If a horse is very nervous at the start of work, it’s fine to give it short spurts of canter with the rider’s seat off the saddle in two-point position—no more than three times around the arena—followed by a break of about five minutes so that the horse’s level of both adrenaline and oxygen can decline in intensity. As you know, adrenaline and oxygen can cause humans to accomplish what seem to be super-human feats of physicality, and the same is true of an animal; so it is important to get the horse back to a more normal physical and emotional state before you start to work again, or else you’ll find yourself fighting a battle you cannot possibly win.

The oxygen and adrenaline levels are very important, but the horse’s mental state and its ability to realize it is tired are equally important. A walk on a long rein (or at least as long as you can have and still control the nervous horse) provides the animal an opportunity to relax; and once it has relaxed a little, it will realize it is tired. Just as you come to a point in a hard day that you think, “I’m worn out,” and start finding ways to take it a little easier, the horse will do the same. Instead of looking for things to spook at, it will just mind its business and cooperate.

This principle is true in all training of the horse. You don’t want to exhaust the animal, for this can be dangerous if your horse doesn’t have what it needs physically and mentally to do what you’re asking of it—for example, jumping a course of fences. What you’re really looking for is a relaxed horse that is willingly submissive. You’ll get this when you offer frequent breaks in your work routine.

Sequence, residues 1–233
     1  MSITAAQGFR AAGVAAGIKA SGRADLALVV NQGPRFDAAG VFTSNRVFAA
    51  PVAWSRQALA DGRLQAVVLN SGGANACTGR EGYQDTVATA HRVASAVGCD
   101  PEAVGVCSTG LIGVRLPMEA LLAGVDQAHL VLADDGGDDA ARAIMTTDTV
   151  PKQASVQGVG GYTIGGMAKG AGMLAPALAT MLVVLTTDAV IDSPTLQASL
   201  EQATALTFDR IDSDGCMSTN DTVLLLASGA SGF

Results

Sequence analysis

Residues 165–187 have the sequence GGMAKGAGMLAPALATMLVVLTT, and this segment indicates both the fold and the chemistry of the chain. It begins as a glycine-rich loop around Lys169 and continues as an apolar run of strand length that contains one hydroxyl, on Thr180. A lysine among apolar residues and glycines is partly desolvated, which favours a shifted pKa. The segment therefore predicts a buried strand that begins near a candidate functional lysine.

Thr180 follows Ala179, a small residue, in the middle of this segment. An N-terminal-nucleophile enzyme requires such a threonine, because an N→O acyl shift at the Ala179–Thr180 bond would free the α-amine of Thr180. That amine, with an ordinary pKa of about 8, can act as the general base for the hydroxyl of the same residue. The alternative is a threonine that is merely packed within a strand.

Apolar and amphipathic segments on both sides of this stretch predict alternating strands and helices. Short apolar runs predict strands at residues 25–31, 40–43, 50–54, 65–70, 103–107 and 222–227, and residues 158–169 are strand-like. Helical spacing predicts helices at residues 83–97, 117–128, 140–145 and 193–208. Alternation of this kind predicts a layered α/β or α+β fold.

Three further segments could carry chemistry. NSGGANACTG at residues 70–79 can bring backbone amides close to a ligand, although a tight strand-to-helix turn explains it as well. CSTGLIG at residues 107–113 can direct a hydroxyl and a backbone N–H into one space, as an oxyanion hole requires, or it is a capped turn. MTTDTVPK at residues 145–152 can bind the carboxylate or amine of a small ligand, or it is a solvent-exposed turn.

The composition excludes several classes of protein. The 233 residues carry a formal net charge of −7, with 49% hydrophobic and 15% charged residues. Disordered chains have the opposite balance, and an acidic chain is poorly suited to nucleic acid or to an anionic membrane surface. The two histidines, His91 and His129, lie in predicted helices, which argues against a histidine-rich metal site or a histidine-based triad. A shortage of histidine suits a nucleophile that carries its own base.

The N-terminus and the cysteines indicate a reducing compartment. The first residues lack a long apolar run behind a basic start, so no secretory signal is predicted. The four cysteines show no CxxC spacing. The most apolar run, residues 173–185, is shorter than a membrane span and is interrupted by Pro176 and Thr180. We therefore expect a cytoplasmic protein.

If you’re longeing the horse, change directions about every five minutes, and take plenty of time while you’re switching the equipment to the other side, so the horse has a little time to settle. Also, don’t longe more than 20 minutes. After this time, when you get on the horse, walk it for at least five minutes on a long rein and let it relax. If you have time, you can even take the horse back to the barn, cool it out, then tack it up later for your ride. You’ll be amazed at how much more successful your work session will be if you’ll give your horse time to calm down, relax, and feel that it is a little tired.

If you’ve taken the route of short periods of canter in two-point, go three times around the ring, take a five-minute break, then change direction and do the same thing one more time. If this doesn’t sufficiently calm the horse, you can do the same routine twice more; but again, concentrate as much on a lengthy break time as you do on the cantering, so that the horse can become more calm, relaxed, and aware of the fact that its body is tired.

The people who constantly resort to lengthy gallops or an hour of longeing end up with a horse so fit that the initial problem of the horse being at a physical advantage is greatly increased. Also, overwork can cause lameness and other physical problems, so it’s not a wise thing to do. The next time your horse is keyed up, use short periods of work, interspersed with frequent breaks, to make the horse’s mind and body more manageable, rather than taking the lengthy and less-successful route of working your horse nearly to death or attempting to muscle it into submission.

Teaching a Horse to Land on a Particular Lead

It is wise to teach your horse to land on a certain lead after each fence that is last in a line of fences and over any other fence that immediately precedes a turn. By landing on the correct lead, the rider avoids the flying change of lead altogether, which makes the round smoother, gives the rider more time to think about the upcoming fence, and avoids any penalties that might be incurred by a poor lead change.